The annual home invasion of the Asian stink bug, now in 43 states, has started, and experts on the pest that spends its summers destroying fruits and vegetables before seeking warmth to live out the winter said this year could be the worst ever.
“The great stink bug march has begun,” said Tracy Leskey, the nation's expert on the brown marmorated stink bug for the U.S. Department of Agriculture. “We are definitely seeing them show up,” she told Secrets.
To help find a way to kill the bugs, Leskey has inaugurated a “citizen scientists” project to enlist homeowners to count how many stink bugs are on their house during the peak month of movement, Sept. 15-Oct. 15. She hopes the project will provide enough data to help speed the development of a trap in time to distribute next year.
But in the meantime, Leskey told Secrets that she’s discovered one ready-made stink bug killer: the praying mantis. She said one praying mantis she witnessed started with the legs of the stink bug “so it couldn’t run away,” then completely ate the body.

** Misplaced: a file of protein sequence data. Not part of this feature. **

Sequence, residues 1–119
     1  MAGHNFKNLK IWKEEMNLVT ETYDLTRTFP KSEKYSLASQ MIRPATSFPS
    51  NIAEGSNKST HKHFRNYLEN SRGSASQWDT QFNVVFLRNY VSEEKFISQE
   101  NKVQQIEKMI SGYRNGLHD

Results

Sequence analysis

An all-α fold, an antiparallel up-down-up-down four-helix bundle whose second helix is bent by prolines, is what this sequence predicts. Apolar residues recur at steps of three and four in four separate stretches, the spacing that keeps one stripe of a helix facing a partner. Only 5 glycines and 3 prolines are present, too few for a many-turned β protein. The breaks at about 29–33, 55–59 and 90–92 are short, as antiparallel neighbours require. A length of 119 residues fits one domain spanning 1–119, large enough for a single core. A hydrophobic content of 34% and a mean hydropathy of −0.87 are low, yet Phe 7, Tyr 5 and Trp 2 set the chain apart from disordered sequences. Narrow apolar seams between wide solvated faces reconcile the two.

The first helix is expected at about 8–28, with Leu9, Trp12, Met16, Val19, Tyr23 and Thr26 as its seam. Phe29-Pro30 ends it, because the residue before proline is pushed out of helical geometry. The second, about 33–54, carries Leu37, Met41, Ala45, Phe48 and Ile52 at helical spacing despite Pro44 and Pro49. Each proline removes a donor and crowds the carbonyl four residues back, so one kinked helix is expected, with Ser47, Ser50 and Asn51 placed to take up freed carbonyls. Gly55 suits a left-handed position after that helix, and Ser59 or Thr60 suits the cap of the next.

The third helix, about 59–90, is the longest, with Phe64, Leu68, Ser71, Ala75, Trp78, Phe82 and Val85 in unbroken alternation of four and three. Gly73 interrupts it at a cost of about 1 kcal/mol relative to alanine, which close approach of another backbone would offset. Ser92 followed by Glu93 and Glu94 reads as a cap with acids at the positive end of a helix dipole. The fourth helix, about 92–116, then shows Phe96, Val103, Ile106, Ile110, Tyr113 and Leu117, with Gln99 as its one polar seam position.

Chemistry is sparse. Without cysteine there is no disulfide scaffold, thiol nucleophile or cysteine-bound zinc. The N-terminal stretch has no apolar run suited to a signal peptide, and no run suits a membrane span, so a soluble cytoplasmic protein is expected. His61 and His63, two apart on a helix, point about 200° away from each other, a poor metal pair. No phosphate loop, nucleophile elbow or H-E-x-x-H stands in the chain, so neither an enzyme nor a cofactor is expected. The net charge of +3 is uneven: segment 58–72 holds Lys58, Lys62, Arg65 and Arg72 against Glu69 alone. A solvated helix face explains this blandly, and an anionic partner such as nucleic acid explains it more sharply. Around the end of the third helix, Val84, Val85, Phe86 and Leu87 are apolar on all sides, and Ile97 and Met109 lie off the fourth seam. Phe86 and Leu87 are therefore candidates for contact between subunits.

However, there aren’t enough praying mantises in the world to take care of the billions of stink bugs.
While there isn’t enough information on this year’s stink bug invasion to determine how bad it is, officials have expected it to be among the worst ever because last year’s warm winter didn't kill many hibernating in homes, barns and sheds.
University of Maryland entomologist Mike Raupp said this will be “a big season.”
Leskey said that the movement of the bugs from fields to homes is triggered by daylight and temperature. The peak movement day is Oct. 5 when houses in the stink bug belt can be covered by the pests that are looking for places to squeeze in and over-winter.
Her “Stop Brown Marmorated Stink Bugs” project has been embraced by people from Ohio to Tennessee. She said with the daily bug counts people are taking, she hopes that “at the very least we're going to be able to map where the hotspots are and where the cold spots are.” She added that the project will factor in other details, such as the color of homes, the elevation and nearby vegetation in developing a stink bug killer.Paul Bedard, the Washington Examiner's "Washington Secrets" columnist, can be contacted at email@example.com.